New York, Vintage Books, 2005, 2006.
Week 21 Fiction
As a disclaimer, I need to say that I first read these books last summer and absolutely fell in love with them. When I mentioned them to my book club, everyone wanted to read The Girl with the Dragon Tattoo. So, it was the topic of this month's gathering, and I re-read the second book, The Girl Who Played with Fire, for this week's blog as well. They are as fascinating to read a second time as they were the first with less confusion over the Swedish names and the myriad of characters that must not deter you as you begin the adventure.
Stieg Larsson was a Swedish journalist who delivered three novels to his publisher in 2004 just before he abruptly died of a heart attack. The final novel, The Girl Who Kicked the Hornet's Nest, is being published next week, and I will be getting it from Amazon as soon as it is released.
These are very complex mysteries with several themes, and the two main characters are just as complex. Mikael Blomkvist is a journalist and publisher of a liberal magazine, Millennium. (In many ways, his character is Stieg Larsson's alter ego--their careers run parallel.) Lisbeth Salander is the other main character in all three books, and complex is too simple a word to describe her. She is a computer hacker, has a photographic memory, and has too many personality problems to describe in a one page review. However these two characters are what move these mysteries beyond the ordinary. The author of the New York Times review of The Girl Who Played with Fire describes it best. “Salander and Blomkvist transcend their genre and insinuate themselves in the reader’s mind through their oddball individuality, their professional competence, and surprisingly, their emotional vulnerability.”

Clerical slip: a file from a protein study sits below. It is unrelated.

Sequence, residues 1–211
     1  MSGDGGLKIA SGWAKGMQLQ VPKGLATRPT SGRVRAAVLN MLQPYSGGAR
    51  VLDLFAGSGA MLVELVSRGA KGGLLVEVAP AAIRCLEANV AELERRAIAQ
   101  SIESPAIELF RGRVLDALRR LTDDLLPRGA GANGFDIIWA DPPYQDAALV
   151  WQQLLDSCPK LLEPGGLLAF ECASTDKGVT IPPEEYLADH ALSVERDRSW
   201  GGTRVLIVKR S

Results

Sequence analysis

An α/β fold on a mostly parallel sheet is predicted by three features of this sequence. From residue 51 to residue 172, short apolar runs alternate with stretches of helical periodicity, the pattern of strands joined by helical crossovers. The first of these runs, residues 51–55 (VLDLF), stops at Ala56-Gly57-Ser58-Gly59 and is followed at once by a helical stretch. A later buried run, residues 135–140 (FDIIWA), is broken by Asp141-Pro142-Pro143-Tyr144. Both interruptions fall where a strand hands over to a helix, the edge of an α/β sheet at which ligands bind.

The themes that run through the novels are financial improprieties, child abuse, neo-Nazism, the sex trade, and computer hacking, murder, and sadism—fun things like that. However, the books are so engrossing that one becomes accepting of the ugliness. Frankly, it is interesting to look at Sweden from this standpoint, because these are generally not the topics that we think we know about Sweden. A New York Times Magazine article says, “In fact, not the least of the attractions of the books for American readers is that they introduce us to a Sweden that is vastly different from the bleak, repressed, guilt-ridden images we see in Ingmar Bergman movies and from the design-loving Socialist paradise we imagine whenever we visit Ikea. It’s a country that turns out to be a lot like our own.”